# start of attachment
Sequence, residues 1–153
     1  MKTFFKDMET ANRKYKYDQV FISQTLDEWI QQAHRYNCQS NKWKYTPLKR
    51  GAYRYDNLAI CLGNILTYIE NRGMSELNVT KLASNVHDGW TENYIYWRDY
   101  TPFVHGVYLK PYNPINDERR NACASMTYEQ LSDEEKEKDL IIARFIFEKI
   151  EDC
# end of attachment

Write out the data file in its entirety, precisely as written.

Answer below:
Sequence, residues 1–153
     1  MKTFFKDMET ANRKYKYDQV FISQTLDEWI QQAHRYNCQS NKWKYTPLKR
    51  GAYRYDNLAI CLGNILTYIE NRGMSELNVT KLASNVHDGW TENYIYWRDY
   101  TPFVHGVYLK PYNPINDERR NACASMTYEQ LSDEEKEKDL IIARFIFEKI
   151  EDC